After the war, Mayan resumed his career and in the process he progressed from the pulps to more respected and prestigious periodicals and publishers. From 1954 to 1961, for example, he painted ten covers for the Saturday Evening Post. Perhaps the most famous of these appeared on April 20, 1957, and depicted New York Yankees catcher Yogi Berra in action with fans looking on and rival Red Sox players in their dugout watching with rapt attention. At the time Berra was in the prime of his career. Having won the Most Valuable Player award in 1954 and 1955, he was a major sports celebrity of the day and the Yankees themselves had won the previous year’s World Series by besting the Brooklyn Dodgers in seven games.
Many of the stories that appeared inside the Post were illustrated by Mayan as well and these drawings were very popular with readers. In an informative and comprehensive website devoted to “The Visual Telling of Stories” (www.fulltable.com), contemporary graphic artist Chris Mullen writes:
“Mayan was a marvelous illustrator operating within the so-called hyper-realist style. He managed great visual invention, possessed excellent powers of drawing, and entertained his readers with an inventive set of references within the images.
Most glorious of all are his covers for the Saturday Evening Post, and the illustrations to fiction within, but he also was responsible for a lot of adverts in the press and periodical world . . .”
Alas, Mullen also adds that “I have seen no reference to him in the usual reference books, but would like to pay this small tribute to him and his skills as a commercial illustrator.”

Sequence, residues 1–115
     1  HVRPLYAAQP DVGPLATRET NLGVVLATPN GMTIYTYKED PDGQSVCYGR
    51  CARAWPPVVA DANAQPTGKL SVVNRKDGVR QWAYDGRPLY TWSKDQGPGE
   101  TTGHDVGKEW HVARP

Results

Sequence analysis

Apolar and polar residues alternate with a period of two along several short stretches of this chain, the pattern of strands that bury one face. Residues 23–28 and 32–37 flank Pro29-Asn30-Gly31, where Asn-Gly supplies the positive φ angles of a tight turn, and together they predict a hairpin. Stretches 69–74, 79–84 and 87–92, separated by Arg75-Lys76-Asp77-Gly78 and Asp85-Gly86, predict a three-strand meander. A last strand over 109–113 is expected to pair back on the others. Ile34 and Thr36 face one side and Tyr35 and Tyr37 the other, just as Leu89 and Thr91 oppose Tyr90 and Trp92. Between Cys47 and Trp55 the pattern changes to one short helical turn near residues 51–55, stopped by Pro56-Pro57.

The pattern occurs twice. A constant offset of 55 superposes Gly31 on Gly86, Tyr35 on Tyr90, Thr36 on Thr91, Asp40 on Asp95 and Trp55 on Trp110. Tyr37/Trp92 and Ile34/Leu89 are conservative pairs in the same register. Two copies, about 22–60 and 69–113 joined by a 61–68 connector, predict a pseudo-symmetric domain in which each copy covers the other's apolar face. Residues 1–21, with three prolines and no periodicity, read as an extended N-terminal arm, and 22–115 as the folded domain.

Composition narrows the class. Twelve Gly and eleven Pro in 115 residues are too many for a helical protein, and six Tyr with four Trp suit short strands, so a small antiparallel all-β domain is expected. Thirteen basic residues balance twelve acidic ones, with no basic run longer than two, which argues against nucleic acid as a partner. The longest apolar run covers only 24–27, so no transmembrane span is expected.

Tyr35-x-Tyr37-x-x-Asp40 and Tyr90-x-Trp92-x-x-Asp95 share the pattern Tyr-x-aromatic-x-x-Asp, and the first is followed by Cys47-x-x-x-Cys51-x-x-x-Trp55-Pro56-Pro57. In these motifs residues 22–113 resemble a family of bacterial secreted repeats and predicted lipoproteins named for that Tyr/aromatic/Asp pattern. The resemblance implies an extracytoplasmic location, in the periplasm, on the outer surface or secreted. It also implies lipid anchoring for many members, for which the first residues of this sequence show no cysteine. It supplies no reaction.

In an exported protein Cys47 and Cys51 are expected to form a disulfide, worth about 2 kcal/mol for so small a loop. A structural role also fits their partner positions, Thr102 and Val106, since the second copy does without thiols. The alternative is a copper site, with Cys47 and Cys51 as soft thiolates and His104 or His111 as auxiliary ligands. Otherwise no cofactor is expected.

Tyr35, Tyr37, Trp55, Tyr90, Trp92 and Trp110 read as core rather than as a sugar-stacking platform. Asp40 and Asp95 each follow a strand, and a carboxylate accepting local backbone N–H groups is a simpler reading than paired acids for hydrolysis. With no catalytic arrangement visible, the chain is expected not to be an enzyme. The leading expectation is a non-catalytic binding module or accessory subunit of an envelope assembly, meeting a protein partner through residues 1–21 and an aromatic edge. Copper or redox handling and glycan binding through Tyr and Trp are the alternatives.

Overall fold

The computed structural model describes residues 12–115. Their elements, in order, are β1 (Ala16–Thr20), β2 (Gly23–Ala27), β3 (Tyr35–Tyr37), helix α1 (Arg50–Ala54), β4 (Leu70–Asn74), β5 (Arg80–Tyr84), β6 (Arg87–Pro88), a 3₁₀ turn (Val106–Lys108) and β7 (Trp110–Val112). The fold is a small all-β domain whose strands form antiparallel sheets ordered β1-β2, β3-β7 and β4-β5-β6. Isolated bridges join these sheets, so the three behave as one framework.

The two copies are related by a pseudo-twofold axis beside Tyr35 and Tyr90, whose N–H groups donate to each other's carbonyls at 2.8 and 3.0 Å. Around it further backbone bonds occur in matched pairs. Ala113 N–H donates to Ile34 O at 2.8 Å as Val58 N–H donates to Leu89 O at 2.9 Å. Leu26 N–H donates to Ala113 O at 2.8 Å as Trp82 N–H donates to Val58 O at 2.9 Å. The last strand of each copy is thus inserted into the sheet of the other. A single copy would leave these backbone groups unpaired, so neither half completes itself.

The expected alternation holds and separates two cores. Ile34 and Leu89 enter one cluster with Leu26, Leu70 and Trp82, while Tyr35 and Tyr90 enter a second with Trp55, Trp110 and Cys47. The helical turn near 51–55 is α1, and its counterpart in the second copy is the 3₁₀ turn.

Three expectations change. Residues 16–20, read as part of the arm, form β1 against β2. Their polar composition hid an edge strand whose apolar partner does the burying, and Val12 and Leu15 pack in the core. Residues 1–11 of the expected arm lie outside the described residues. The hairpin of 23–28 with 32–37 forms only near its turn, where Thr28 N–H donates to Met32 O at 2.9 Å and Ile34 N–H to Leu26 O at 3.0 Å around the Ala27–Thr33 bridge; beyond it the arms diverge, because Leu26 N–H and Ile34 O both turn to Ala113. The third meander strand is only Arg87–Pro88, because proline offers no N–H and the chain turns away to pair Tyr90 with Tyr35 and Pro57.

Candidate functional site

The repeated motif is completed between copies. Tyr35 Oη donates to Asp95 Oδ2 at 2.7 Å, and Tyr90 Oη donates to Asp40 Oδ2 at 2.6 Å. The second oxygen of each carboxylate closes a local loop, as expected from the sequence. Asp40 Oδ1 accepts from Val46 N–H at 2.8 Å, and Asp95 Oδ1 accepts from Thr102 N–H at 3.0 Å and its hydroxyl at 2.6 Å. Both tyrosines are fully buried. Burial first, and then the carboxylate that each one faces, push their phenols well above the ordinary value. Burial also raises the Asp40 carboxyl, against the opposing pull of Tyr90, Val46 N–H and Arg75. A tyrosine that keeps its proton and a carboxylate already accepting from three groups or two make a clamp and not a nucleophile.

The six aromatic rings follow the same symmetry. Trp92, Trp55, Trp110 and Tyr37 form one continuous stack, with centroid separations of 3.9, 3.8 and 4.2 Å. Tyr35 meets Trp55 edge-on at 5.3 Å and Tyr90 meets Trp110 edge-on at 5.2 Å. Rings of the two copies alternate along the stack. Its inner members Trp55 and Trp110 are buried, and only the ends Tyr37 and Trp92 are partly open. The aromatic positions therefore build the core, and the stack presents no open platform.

In 1962, Mayan began teaching classes in fine art and illustration at the Art Students League of New York. It is said that he enjoyed this work very much and, interestingly, that teaching brought out his verbal skills. As a result of discovering this formerly hidden talent, he began writing his memoirs as well as some poetry and a few children’s books. This period in his life lasted for more than thirty years and even when he retired from teaching in 1995, he continued to paint and to explore different genres: landscapes, still lifes, portraits, even abstract art.
Discovering Mayan’s work is a treat. Looking through the old magazines is one way to enjoy the work and exploring the internet is another. Those interested can also check out the portrait of César Chávez he was commissioned to paint and which hangs at the Smithsonian’s National Portrait Gallery. It is quite compelling.
But probably the best way to learn about Earl Mayan and his work is to visit the aforementioned gallery. Here among the wonderful artistic clutter on the walls are, of course, numerous examples in a style which is emphatically Mayan’s own—some of the World War II drawings for instance. As a bonus, there are also samples of work he did in celebration of artists of the past, works in the styles of his beloved Cézanne, Monet, and even Picasso.
If time allows and before the expansion of Manhattan forces any more changes, take a peek into the Earl Mayan Studio at 529 Second Avenue, New York 10016. You’ll get a glimpse of some art that is bound to bring a smile.